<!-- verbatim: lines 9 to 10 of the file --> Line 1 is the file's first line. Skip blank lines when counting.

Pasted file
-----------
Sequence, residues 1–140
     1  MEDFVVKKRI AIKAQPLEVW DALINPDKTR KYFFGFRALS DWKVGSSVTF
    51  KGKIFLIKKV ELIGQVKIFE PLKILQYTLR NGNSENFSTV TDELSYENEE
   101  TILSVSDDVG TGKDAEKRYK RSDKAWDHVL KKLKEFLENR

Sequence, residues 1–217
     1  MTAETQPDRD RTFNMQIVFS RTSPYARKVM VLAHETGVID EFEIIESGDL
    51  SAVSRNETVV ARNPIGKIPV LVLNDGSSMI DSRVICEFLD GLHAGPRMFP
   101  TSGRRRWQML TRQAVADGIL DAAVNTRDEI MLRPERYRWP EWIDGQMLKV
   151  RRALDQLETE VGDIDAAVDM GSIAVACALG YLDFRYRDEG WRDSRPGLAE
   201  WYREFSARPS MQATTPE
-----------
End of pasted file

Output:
   151  RRALDQLETE VGDIDAAVDM GSIAVACALG YLDFRYRDEG WRDSRPGLAE
   201  WYREFSARPS MQATTPE